For this exercise it was recommended that we looked at a website with the WAVE (Web Accessibility Evaluation) tool.
It sounded simple enough, but I ran into a bit of a problem with my first choice of site…. it didn’t have that much wrong with it.
Serves me right for choosing my workplace as a first point of call I guess.
That’s right, the University of Edinburgh’s core website was my first stop and other than a few minor flags for having things like the name of the University several times in a row when using site reading tools.
So I took a step back and wondered what sort of site would be less likely to be fully accessibility compliant. My answer? Webcomics.
My favourite webcomic came crashing in with major errors, a number of alerts and no less than 38 contrast errors for visibility. It is a mess for people who cannot see properly. At least it couldn’t fail on sound and video though! So there is a small silver lining….?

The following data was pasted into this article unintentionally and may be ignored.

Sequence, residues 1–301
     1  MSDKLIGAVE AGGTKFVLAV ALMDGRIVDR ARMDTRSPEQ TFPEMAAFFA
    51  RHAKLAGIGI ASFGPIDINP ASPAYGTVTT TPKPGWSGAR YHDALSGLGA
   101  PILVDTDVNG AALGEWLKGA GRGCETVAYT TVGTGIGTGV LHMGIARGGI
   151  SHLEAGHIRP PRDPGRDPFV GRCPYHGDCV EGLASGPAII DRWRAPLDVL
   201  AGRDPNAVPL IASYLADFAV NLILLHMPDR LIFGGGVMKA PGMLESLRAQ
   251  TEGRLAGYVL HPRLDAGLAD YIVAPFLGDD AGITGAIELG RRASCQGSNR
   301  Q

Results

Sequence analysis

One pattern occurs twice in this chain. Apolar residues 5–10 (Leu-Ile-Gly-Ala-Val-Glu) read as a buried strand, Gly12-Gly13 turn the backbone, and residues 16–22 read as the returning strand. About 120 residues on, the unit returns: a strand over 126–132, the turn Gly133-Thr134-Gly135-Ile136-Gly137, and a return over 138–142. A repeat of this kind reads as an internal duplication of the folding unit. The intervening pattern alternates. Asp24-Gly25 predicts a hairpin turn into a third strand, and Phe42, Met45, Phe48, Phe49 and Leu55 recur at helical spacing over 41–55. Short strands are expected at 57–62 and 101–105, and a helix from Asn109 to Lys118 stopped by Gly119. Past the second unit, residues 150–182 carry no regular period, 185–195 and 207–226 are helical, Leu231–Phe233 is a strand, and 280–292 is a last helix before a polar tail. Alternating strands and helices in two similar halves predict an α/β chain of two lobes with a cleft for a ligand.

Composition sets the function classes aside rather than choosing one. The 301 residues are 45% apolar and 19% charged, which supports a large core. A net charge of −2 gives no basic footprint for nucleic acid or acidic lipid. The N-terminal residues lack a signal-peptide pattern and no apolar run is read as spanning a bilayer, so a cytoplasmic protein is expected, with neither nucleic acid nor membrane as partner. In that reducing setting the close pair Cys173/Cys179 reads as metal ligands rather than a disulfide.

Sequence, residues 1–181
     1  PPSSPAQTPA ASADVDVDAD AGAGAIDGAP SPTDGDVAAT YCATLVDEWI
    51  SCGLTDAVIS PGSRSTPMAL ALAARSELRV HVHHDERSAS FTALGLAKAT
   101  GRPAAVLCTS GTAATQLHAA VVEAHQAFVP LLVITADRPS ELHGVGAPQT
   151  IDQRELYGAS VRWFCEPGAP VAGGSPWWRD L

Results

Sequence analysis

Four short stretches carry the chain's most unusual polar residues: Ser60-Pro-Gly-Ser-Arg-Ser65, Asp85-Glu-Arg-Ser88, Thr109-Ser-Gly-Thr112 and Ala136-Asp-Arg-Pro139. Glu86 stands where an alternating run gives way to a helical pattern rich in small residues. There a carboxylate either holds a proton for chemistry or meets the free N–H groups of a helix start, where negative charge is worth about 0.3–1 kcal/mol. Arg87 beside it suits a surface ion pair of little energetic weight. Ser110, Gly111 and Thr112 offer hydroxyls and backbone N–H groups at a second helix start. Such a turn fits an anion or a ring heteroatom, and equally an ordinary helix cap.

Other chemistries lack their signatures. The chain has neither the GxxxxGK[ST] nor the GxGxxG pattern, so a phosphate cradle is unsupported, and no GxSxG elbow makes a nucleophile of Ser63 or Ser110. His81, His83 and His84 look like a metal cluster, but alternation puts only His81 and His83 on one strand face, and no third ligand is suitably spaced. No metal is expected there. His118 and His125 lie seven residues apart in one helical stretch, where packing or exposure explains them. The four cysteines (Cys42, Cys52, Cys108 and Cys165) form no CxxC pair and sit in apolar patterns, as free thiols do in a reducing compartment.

One thing working with tools like WAVE is teaching me is that producing accessibility friendly content for the web requires time, effort and care. Gone are the days where you could bang out a website using fancy colours and subtle effects, the less fortunate be damned. We need to look at what it is we produce and ask, “In a web that is now reaching out everybody regardless of their needs, are we making things as easy as we can for less able users?”
I fear the answer may still be “no” more often than it should.